I enjoy stories written by people who are at first unfamiliar with the territory, but then immerse themselves, learn the terrain, and provide a unique perspective on any given subject.
Think of when William Burroughs reviewed a Led Zeppelin concert, or when Bob Woodward looked at the life and death of John Belushi, and you get the idea.
Geek conventions can be easy targets, often the jokes there write themselves, but by and large I think they're great because it's a cool place for fans of movies, TV, and comics can all get together and talk about what we love.
Now James Wolcott is a great writer, he's contributed to Vanity Fair for many years, and his political commentary book, Attack Poodles and Other Media Mutants, was hilarious.
This month for VF, he gave his point of view of Comic-Con, where he had to have stuck out like a sore thumb, in fact he was repeatedly asked, "Is this your first Comic-Con?" Wolcott pointed out the 6,5000 capacity Hall H was "the big top" of the Comic-Con "Circus Maximus," where the major panels are.
"Mostly the atmosphere is festive, avid," Wolcott writes. "Like the country singers who play Nashville's Grand Ole Opry and feel obligated to oil up the audience by telling them how honored they feel in this sacred venue... The audience expresses its appreciation by applauding itself for being such great fans; then, the niceties over, it's like, now show us the damned film clips, give us kids something to tweet!"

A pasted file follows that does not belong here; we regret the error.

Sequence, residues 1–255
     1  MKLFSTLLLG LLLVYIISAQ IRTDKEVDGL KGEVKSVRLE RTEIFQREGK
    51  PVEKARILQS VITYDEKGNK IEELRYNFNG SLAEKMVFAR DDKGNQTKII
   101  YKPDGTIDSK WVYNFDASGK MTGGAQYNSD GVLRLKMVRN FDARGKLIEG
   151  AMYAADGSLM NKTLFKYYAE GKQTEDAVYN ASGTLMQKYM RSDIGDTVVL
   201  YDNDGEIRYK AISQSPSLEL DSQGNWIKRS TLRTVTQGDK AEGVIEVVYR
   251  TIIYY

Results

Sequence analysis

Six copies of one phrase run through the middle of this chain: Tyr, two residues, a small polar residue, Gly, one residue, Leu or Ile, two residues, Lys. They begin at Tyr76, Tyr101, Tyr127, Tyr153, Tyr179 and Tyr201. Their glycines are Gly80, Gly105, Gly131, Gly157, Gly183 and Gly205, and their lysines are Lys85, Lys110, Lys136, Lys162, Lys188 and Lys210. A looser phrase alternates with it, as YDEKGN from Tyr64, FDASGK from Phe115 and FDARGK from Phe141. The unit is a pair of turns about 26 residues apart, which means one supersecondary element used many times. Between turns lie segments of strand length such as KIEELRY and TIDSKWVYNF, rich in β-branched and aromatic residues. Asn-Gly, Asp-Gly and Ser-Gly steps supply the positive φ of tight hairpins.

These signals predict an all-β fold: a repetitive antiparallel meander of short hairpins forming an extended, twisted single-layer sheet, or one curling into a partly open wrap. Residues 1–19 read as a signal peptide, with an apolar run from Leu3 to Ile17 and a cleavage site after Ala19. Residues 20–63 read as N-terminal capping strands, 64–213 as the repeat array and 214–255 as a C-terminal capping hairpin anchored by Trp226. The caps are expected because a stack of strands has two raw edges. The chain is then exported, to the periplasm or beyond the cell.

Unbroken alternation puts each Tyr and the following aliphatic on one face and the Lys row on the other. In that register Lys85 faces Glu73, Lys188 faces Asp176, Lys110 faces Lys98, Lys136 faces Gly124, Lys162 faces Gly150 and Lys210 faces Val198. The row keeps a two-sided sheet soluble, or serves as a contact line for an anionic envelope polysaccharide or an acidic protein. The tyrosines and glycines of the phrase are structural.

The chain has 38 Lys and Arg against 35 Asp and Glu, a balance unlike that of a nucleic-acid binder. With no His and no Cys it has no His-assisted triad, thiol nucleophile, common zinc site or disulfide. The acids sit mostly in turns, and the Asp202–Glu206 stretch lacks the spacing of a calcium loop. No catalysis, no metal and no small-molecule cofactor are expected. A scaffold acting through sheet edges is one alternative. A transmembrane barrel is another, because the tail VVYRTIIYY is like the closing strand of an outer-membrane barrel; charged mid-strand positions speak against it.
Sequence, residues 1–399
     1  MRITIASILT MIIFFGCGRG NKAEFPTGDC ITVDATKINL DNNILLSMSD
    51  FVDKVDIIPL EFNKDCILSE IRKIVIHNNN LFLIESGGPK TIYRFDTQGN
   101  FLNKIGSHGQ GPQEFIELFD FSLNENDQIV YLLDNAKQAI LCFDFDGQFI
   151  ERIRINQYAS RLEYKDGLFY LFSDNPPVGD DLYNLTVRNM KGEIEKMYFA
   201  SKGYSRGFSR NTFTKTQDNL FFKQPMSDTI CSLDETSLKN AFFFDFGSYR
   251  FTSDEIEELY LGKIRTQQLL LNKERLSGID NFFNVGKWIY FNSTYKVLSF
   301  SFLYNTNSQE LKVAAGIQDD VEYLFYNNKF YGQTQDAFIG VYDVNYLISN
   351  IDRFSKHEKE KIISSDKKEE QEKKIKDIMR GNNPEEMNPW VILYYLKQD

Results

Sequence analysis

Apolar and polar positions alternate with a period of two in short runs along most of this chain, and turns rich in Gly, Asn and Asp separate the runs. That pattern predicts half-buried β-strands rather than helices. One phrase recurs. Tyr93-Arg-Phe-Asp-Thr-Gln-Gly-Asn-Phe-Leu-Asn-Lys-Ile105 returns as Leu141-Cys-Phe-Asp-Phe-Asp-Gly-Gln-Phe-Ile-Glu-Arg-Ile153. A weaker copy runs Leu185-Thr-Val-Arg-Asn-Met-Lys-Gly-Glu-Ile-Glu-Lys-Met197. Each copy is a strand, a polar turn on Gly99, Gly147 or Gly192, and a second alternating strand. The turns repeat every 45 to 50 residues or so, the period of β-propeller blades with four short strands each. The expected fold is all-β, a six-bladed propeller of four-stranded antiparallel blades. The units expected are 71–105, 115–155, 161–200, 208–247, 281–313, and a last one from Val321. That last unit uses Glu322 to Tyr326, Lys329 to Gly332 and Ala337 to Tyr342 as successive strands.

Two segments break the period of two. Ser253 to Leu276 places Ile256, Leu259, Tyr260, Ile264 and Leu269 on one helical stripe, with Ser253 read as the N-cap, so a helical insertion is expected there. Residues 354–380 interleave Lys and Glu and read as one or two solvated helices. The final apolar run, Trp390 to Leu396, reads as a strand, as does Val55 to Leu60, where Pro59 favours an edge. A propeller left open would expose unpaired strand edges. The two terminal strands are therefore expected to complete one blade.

Wolcott noted there were celebrities who brought their full court star power, like Colin Farrell and Charlize Theron, and those who clearly would rather be anywhere but there like Harrison Ford (surprised?), and "weary campigner" Kristen Stewart, or K-Stew as Wolcott calls her.
"The returning favorites are those who truly speak the Comic-Con language because they are part of that culture," Wolcott continues, and he's referring to guys like Guillermo del Toro, whose inner geek still lives on strong.
Wolcott also mentioned Francis Ford Coppola's bizarre appearance for Twixt, his horror film, that will be in 3D, and will also let the audience interactively pick what they want to see, but with Coppola trying it himself he "fumbled at his computer like Grandpa trying to work the remote control, playing the same scene again and again, at one point chanting 'Nosferatu over the footage while Val Kilmer, mimicking his Jim Morrison from The Doors, intoned 'Ride the snake.'"
Wolcott was also amazed by the "throners," fans of Games of Thrones, but added that Justin Timberlake, starring in the upcoming In Time "will never be accepted as an action stud," but that Ryan Gosling is already there with Drive.
But he also concludes that he's not interested in Ghost Rider: Spirit of Vengeance, claiming "Not even the prospect of a skeleton avenge urinating fire will entice me to see [it]."
Still, you get the impression that overall Wolcott was very amused by it all, an interesting voyage to planet geek that was probably funny and bizarre to visit, but he's sure not going to live there.